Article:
Although there are compelling business and operational resilience reasons for financial institutions to consider the use of the cloud, it is critical that financial institutions first put in place strong and effective risk mitigation strategies to address the risks that are unique to the cloud.
The robust regulatory regime in place for financial institutions provides a strong framework for financial institutions to make a balanced risk assessment on whether migrating applications to the cloud makes sense for their computing environment and business model.
Larger financial institutions may have a better ability to bargain for contracts and products to meet their regulatory challenges, but it can be especially difficult for smaller financial institutions, that simply do not have enough market share, to work effectively with large CSPs to make changes to, for example, standardized contracts or product offerings.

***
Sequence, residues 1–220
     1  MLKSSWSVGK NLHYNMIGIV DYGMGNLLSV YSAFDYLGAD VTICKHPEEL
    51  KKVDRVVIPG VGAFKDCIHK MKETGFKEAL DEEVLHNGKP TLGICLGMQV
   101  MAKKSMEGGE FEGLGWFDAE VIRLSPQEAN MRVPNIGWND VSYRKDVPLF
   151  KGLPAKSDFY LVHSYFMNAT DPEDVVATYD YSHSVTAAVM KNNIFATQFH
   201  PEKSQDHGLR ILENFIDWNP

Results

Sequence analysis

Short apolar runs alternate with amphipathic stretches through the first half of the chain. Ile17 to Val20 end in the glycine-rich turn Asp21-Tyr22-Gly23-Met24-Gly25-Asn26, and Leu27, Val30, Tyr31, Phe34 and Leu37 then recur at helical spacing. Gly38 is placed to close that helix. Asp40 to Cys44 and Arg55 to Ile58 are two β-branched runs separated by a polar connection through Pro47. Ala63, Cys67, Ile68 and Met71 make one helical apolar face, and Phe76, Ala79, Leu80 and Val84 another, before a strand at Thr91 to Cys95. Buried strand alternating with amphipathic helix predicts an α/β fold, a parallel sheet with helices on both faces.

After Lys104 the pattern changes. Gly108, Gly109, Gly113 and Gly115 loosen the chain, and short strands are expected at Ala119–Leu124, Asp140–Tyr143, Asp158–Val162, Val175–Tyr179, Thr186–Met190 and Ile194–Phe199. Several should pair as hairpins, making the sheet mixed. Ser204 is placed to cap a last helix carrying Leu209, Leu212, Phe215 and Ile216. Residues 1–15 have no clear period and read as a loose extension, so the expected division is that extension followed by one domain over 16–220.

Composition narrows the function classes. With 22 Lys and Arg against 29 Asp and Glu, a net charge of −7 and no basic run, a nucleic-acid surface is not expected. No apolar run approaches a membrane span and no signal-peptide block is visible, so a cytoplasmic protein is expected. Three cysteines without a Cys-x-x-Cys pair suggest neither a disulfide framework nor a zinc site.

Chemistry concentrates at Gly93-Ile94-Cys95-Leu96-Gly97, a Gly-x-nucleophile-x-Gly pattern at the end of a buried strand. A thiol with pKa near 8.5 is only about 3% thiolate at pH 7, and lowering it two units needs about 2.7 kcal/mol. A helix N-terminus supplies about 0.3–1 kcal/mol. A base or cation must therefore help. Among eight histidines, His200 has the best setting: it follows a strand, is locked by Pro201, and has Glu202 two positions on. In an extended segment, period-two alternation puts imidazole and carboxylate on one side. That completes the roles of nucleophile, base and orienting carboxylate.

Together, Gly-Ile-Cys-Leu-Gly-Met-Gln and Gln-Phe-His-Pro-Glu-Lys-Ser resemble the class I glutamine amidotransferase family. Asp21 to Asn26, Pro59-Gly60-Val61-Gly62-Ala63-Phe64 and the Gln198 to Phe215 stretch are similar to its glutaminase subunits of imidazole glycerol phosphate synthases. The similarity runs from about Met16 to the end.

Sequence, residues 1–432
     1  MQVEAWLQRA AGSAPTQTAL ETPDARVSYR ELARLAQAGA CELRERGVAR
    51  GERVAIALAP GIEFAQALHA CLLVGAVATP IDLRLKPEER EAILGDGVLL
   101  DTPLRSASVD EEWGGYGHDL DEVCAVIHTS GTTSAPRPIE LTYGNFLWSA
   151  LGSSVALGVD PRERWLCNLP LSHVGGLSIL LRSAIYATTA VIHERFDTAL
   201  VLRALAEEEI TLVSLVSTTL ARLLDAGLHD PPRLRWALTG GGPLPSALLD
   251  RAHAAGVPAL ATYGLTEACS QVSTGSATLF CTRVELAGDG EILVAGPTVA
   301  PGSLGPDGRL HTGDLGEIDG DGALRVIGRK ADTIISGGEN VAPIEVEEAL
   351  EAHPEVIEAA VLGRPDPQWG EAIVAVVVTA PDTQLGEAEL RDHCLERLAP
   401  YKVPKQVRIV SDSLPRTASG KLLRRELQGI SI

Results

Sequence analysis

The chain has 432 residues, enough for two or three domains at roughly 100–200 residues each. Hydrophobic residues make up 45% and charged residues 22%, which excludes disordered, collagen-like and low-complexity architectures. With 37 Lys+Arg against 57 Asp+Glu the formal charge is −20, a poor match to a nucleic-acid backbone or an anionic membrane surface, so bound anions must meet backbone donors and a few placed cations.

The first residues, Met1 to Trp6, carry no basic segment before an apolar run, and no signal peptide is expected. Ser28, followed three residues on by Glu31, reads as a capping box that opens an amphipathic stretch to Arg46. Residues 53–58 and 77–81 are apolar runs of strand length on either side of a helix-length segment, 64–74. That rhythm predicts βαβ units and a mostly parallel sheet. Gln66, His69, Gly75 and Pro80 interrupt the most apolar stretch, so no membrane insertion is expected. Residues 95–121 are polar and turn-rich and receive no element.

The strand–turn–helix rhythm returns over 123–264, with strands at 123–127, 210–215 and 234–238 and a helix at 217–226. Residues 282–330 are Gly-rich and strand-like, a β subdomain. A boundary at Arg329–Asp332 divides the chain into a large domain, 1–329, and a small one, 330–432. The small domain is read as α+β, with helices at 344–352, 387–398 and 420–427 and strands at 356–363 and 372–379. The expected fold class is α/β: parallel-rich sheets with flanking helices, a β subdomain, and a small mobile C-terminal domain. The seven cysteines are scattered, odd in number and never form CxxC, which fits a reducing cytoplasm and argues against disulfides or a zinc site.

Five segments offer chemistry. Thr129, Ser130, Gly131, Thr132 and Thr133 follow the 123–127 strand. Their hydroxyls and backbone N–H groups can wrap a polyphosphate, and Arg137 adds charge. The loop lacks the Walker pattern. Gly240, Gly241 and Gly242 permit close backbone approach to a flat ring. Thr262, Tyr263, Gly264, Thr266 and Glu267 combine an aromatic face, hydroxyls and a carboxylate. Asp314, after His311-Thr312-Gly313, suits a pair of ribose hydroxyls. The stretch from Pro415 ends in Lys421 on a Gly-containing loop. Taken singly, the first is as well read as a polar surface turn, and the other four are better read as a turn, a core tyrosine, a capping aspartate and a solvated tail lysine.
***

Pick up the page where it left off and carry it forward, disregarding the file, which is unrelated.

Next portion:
In many ways, this situation is similar to the issue small institutions face when dealing with the large core banking system providers who provide them the back-end systems that process their daily banking transactions.
These types of services have the potential of providing significant help, especially to smaller institutions, to access the data necessary to satisfy theregulatory oversight requirements of critical third party providers and other CSPs should be encouraged to participate in these types of programs.
In addition, default security settings should be restrictive versus open and coordination among CSPs in the development of a unified security controls baseline for financial institutions would help ensure appropriate controls are used at the start of any deployment.